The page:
What It Means to Be a Good Neighbor in an Association
We all have different opinions of what makes a “good neighbor”. Some people would classify a good neighbor as someone who will chat across the fence or is willing to lend eggs. Other people may believe a good neighbor is one who leaves everyone alone and minds his or her own business.
While there is no universal opinion of what is a “good neighbor”, there are certain standards that allow residents to enjoy their homes. It is generally agreed that neighborliness and a sense of community helps maintain and even increases property values and increases security for everyone in the neighborhood.
In researching what it means to be a “good neighbor”, I stumbled across several associations that have “good neighbor” agreements, protocols, policies, ordinances, and lists for association owners to adhere to, and even “good neighbor” committees that have been assigned to the community. Some associations give a yearly “Good Neighbor Award” to a resident who has gone beyond the call for their neighbors.
When living in a homeowner’s association being a good neighbor also means complying with the covenants, rules and regulations that are in place. The association is all of the owners who purchased property within the bounds of a particular community and agreed to be bound by certain governing documents. The covenants and rules are often the reason why many people choose to purchase property in a covenant-controlled community.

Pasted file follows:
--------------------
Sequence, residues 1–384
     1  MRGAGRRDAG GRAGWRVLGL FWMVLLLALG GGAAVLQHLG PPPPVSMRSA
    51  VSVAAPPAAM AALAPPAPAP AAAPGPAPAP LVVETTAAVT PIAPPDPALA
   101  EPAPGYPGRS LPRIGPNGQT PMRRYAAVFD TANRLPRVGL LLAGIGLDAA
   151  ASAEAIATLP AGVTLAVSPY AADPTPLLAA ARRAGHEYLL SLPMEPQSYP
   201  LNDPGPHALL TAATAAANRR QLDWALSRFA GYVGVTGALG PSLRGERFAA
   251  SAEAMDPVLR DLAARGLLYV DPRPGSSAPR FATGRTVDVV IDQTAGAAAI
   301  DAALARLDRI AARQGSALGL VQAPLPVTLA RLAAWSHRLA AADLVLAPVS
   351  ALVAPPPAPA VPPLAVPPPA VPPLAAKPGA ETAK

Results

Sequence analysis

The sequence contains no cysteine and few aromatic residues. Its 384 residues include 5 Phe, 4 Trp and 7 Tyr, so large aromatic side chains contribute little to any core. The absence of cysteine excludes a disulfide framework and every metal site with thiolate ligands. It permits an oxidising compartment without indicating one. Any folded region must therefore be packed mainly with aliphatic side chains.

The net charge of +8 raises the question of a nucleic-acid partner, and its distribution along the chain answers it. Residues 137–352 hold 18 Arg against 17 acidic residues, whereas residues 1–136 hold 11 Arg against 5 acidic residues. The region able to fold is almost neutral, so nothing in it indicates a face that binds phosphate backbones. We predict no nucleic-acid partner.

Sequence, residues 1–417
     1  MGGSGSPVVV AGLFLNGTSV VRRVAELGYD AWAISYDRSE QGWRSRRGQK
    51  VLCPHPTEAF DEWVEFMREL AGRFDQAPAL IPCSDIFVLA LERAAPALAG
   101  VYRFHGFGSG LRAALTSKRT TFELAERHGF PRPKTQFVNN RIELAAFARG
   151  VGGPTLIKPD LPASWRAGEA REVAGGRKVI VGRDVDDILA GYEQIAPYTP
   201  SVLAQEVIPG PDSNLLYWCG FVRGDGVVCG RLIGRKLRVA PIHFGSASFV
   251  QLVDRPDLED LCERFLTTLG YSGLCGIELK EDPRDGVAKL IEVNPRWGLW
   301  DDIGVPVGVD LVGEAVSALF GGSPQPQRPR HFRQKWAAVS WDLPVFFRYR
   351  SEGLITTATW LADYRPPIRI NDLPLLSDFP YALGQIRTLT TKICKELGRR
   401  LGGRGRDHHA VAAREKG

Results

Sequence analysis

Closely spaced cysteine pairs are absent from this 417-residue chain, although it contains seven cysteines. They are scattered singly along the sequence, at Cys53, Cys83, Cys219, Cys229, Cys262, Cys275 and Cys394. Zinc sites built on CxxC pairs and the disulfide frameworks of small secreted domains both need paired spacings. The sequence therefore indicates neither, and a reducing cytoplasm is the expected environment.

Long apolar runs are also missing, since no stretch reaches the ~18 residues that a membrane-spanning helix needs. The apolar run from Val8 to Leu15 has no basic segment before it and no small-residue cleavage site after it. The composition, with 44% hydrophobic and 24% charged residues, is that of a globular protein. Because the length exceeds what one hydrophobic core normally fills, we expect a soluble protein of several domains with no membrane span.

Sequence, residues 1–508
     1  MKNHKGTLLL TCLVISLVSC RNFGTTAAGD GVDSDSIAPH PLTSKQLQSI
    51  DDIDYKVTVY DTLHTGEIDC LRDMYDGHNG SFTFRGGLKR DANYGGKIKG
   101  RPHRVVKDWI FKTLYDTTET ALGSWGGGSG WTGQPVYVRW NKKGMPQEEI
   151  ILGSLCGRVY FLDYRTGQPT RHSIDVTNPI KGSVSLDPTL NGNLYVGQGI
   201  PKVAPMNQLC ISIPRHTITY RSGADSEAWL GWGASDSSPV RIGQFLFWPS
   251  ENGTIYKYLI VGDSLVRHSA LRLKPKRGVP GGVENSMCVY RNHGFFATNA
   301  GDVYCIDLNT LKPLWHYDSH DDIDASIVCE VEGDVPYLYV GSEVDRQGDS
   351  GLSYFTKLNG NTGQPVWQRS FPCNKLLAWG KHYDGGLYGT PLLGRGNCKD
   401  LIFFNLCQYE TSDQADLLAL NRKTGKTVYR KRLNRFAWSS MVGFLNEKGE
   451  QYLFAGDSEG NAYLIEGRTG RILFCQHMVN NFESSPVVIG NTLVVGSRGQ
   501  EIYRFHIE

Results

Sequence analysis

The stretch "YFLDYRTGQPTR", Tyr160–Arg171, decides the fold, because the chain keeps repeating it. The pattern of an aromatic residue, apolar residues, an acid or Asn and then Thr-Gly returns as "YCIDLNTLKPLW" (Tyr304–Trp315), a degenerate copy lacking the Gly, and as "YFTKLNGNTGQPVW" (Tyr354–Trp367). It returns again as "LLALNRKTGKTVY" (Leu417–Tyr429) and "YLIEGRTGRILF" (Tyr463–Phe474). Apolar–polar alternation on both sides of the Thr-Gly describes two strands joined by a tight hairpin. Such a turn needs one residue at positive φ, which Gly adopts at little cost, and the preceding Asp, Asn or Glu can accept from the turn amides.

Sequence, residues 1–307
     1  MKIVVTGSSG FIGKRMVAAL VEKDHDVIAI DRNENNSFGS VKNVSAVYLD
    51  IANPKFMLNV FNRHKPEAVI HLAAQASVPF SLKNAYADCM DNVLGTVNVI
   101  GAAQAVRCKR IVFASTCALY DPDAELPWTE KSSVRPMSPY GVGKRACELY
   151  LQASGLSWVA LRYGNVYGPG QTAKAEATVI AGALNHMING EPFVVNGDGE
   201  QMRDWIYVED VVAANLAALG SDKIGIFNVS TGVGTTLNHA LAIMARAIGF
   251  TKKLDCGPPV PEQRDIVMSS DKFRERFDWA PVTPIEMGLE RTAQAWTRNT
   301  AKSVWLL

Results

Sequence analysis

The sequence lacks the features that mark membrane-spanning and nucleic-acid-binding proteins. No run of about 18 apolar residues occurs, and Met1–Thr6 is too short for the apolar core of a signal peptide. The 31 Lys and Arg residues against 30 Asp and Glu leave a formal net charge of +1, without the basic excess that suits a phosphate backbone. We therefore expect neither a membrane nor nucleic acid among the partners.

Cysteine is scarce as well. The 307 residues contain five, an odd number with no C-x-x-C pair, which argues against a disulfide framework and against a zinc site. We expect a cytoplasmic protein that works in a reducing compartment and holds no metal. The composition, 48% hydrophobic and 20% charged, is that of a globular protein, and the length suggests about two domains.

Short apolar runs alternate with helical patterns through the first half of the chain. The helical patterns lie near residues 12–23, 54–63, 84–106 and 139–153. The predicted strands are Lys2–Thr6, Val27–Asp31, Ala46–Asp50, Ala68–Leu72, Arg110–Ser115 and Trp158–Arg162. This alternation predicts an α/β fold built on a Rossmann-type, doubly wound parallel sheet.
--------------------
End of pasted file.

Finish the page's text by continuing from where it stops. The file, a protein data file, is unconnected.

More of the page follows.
When living in a place with no covenants, a resident can be subject to roosters crowing at 4:00 a.m., music blaring in the middle of the night from a neighbor, and dilapidated houses, all of which can not only bring down the property values, but interfere with the enjoyment of the property. While owners may not always agree with a particular rule, the rules are in place to preserve property values and keep the community secure. Residents are not free to “pick and choose” the rules that they want to follow, since people will obviously pick the rules only that they want to follow and disregard the others.
In reviewing a myriad of good neighbor rules from associations across the nation, the following is a list of guidelines of how to be a good neighbor in an association:
- Work with others to improve the neighborhood by serving on neighborhood groups and committees.
- Do not misuse or neglect your property.
- Respect the property of others. For example, do not park your car on others’ lawns or in a way that blocks someone from backing out of their own driveway.
- Get to know your neighbors. Spend time socializing, and assisting neighbors that may be in a bind. Good deeds build trust and goodwill.
- Inform your renters of the rules. Give your tenants a copy of the covenants, bylaws and rules and regulations. Owners are responsible for the conduct of their tenants.
- Immediately pick up after your pets and control your pets. Put collars and licenses on your cats and dogs. If you have a problem with someone else’s pet, then talk to your neighbor about the issue.
- Get involved in the homeowner’s association by attending meetings or joining a committee.
- Give your neighbor a heads-up that if planning a home renovation or remodel.
- If you’re having a party, inform your neighbors to expect additional cars, people, and possibly noise. Even better, invite the neighbors!